Bulls 111, Timberwolves 100: Rose, then Rubio, then Rose. Bulls once again ride MVP to win, and frontcourt to bench

You can't help but be caught up in Rubio fever when watching a Timberwolves game. And maybe the fact that Rick Adelman makes you wait 10 minutes before seeing the guy only fuels that. Until that point, Derrick Rose took advantage of his much ballyhooed rivalry with Minnesota starter Luke Ridnour, hitting his first six shots (including two 3-pointers). Rose soon exited after his ankle was fell upon by Anthony Tolliver during a loose ball situation, but the Bulls bench kept the heat on to the point where they were up 24 points and shooting 65% to the Wolves 27%.

But then the Wolves found a solid lineup with Rubio at the helm with support from Kevin Love and Anthony Randolph, closing the first half on a 20-2 run and surging through the 3rd quarter to eventually tie the game. Rubio started the 2nd half to keep that run going, and may have permanently won the job on this night. And interesting to see first-hand why there's been all that griping regarding Minny's starting lineup in the first place, he and that lineup were extremely impressive. Not much more than what a lot of us have seen in highlights over the opening weeks to the season, but still something to see in an extended viewing how he can make plays for teammates effortlessly yet precisely, and is always looking to do so. And even on defense: he no-doubt will struggle against many NBA PGs first steps (least of which being Derrick's), but showed impressive hands and even swiped the ball straight-up from Rose a couple times.

Meanwhile in the time where Minnesota closed the gap, Rose himself did not look like he had overcome the ankle sprain from earlier. There are always flashes of explosiveness even when he's hobbling, but you know when he's not looking to take over even on broken possessions both how great he is at his peak, and also how much the Bulls need him to be at that peak. The offense slows to a standstill without him forcing the defense to move, as though both Boozer and Noah had solid starts to the game (perhaps buoyed by the awful Wolves starting lineup) they showed yet again how they can't be counted on to carry the offensive load even for spurts.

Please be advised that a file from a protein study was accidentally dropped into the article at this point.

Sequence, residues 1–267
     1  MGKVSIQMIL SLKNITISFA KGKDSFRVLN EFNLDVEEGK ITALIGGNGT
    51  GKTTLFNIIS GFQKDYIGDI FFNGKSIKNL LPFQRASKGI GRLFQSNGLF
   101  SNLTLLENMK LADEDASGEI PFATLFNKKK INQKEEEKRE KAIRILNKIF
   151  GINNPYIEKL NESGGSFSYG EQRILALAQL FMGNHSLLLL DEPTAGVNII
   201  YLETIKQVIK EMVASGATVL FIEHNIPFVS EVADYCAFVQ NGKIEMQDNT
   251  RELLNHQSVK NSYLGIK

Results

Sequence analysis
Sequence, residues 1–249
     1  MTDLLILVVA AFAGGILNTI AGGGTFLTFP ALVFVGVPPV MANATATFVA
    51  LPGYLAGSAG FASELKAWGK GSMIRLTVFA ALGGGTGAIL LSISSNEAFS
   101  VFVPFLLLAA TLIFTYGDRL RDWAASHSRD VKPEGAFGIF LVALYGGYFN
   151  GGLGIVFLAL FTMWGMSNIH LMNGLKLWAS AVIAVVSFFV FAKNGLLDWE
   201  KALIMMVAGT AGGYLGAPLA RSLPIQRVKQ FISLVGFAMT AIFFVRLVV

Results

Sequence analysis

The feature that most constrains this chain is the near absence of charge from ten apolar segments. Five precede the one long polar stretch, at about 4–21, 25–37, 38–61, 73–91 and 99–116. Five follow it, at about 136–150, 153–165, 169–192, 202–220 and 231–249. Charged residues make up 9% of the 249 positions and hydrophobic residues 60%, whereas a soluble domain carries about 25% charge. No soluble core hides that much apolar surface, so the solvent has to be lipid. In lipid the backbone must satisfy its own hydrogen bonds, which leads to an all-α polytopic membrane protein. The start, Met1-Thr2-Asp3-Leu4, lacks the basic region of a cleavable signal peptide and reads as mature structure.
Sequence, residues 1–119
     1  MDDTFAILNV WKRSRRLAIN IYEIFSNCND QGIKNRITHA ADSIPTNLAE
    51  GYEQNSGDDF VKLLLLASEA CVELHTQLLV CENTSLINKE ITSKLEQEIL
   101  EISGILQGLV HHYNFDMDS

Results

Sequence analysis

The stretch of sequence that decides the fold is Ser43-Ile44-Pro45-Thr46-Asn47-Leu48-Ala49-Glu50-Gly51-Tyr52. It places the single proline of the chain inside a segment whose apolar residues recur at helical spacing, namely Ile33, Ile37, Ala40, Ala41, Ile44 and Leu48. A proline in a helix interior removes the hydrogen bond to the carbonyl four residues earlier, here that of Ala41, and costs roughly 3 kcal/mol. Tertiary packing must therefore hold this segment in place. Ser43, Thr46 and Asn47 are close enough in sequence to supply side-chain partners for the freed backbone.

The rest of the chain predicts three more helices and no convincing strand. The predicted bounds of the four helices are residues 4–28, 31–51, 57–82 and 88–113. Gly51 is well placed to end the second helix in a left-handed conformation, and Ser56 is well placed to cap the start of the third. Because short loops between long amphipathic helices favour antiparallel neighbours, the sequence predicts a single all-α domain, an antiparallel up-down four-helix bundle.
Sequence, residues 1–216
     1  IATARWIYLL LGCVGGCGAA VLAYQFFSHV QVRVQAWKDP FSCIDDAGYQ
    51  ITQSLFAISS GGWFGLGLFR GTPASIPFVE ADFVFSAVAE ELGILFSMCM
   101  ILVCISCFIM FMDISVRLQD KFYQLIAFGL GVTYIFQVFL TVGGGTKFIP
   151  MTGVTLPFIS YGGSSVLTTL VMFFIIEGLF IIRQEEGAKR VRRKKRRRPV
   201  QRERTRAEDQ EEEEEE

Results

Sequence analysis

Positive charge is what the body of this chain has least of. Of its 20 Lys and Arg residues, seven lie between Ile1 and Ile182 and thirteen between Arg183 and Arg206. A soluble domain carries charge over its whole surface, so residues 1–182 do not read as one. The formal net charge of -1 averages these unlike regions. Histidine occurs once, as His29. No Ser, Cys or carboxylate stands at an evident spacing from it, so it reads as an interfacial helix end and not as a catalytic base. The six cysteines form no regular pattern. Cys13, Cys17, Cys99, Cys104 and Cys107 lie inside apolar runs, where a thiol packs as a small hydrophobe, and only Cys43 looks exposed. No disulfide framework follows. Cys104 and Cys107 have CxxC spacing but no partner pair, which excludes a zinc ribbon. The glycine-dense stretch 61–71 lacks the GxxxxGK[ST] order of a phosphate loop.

And by the fourth quarter both starting bigs were benched for good. The Bulls frontcourt depth once again paved the way to victory as both Taj and Asik were able to provide a more active defense to force some transition opportunities. It's a luxury, but also still a story unless you believe that the bench bigs are the Bulls best chance to beat Miami. Until then, it'll always a concern when the ideal best option can't show it.

But who definitely showed it all night and carried the team even when Rose was slowed down was Luol Deng. 42 minutes (Rose played the same on the injured ankle, minutes-watchers), 11 rebounds and 21 points on 9-17 shooting. He guarded Wes Johnson to start the game and Kevin Love to finish it. Luol even found his 3-point stroke a bit going 2-4, and the team as a whole shot great from that range between him, Rose (4-8, minus at least one heave) and Kyle Korver (3-3). Korver was speculated (here) to be likely out of the rotation this season with the signing of Rip Hamilton and an improved Ronnie Brewer. Brewer has certainly stayed improved (17 points on 10 shots tonight), but Korver has been a consistent boost as well, going 14-26 from distance in his past four, a roll that's been especially timely with Rip and CJ Watson unable to play.

The Bulls were extremely backcourt heavy tonight, with Boozer/Noah/Asik/Gibson only accounting for 25 of the team's 111 points. The Wolves indeed allowed the Bulls to play small, but once again that was also out of necessity as well as opportunity. Whether its Boozer shooting from too far, or Noah not even being able to shoot before a guard ripped the ball from him, the Bulls were forced to rely on activity plays from their bench bigs (though Asik actually threw in a couple moves today over the much-shorter Love) instead of something that can be considered solid and sustained frontcourt scoring.

Often times, it's enough. The Bulls did ultimately win by 11, and Derrick Rose yet again made fantastic late plays to seal the victory, sore ankle be damned (and sure to never be admitted). The Timberwolves look like a team that will have a lot of close losses, and the Bulls as we know are a team that simply wins with that defense+Rose formula. This one may have been tougher than expected, but they get an extremely soft landing with a home date against the Wizards. So yet again, they stay great without looking particularly great, and we're left wondering just how real it is. I suppose it's real until it isn't.

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